Malaysia

Malaysia - 36 Hours in Kuala Lumpur

 A small sample of the varied architecture around Kuala Lumpur. The KL skyline from Merdeka Square is a blend of new and old.

A small sample of the varied architecture around Kuala Lumpur. The KL skyline from Merdeka Square is a blend of new and old.

One advantage of traveling through Indonesia from East to West and ending in Sumatra: we’re a short 30-minute flight from Kuala Lumpur, Malaysia. Because we need to be in Bangkok in two days to meet my family, Kuala Lumpur will be compressed into a 36-hour adventure. 

  A much quieter street in Chinatown, with classic red lanterns and vendors selling Chrysanthemum garlands for the Indian wedding nearby. 

A much quieter street in Chinatown, with classic red lanterns and vendors selling Chrysanthemum garlands for the Indian wedding nearby. 

We get there in the late hours of the afternoon; a quick stop at the customs and we’re on a train to town. It already feels different, and unlike the Asian cities we’re used to. The airport is connected to the train station by a luxury mall. The train is clean, comfortable and, to our amazement, quiet. We hop into a taxi and finish our ride to the hotel by foot, disoriented by the absence of the typical Asian city recipe: no noise, no tuk-tuks, no exposed electrical or telephone wires (take that, USA!), and above all else, no smell; the sewers are hidden below ground for a change.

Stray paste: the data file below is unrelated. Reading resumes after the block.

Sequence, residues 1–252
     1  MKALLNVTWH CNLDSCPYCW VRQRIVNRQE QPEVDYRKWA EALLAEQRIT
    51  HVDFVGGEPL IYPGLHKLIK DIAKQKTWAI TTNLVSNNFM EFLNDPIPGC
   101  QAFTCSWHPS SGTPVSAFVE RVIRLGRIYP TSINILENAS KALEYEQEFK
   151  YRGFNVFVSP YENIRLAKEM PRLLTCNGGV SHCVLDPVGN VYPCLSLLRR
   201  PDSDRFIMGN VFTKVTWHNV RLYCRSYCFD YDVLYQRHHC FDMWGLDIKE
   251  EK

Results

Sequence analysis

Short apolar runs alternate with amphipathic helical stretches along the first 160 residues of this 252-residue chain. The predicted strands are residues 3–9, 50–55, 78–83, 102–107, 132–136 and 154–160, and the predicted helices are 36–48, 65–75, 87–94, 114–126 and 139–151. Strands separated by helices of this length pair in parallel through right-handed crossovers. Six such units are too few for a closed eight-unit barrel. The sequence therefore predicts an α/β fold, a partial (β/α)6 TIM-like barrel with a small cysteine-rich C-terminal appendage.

But, as we arrive, it’s already night and the market stalls are packed on Petaling Street. We can buy Louis Vuitton handbags, Rolexes, Nike jerseys, Lacoste polos, various smoking devices and, for whatever reason, men's underwear - all knock-offs, of course, but who knows, maybe I want to look cool too. Behind the stalls, men sit at the bottom of stairways illuminated by pink lights - the universal sign for the oldest job in the world. We crash at our small hotel, rocked by the lullaby of a weird rolling sound outside our door.

We’re not nightlife junkies, so our visit is limited by the daylight. We want to see the city, and sadly skip the famous Batu Cave, instead choosing to get up early, enjoy cups of coffee with fancy latte art, and walk through the neighborhoods of Kuala Lumpur. After we browse through the Central Market to find another pair of bracelets, we head over to the old town - this city is the first we see with Western architecture, a backdrop of new buildings, all connected in harmony by the typical small Asian streets and markets. Unlike Manila, the Western influence here is British, not American, providing the nicer European-style to the old buildings. A beautiful Mosque is at the center of town but unfortunately closed off for renovation. On another corner, we inadvertently find the Sri Mahamariamman Hindu temple with a wedding in progress. The Indian population is quite large in Kuala Lumpur, and many of them have congregated here to celebrate the union. The place stays open to the public during the ceremony and we witness the beginning of the ceremony in our inappropriate traveling outfits.

 Looking up at the dizzying Petronas Towers and its sliding skybridge.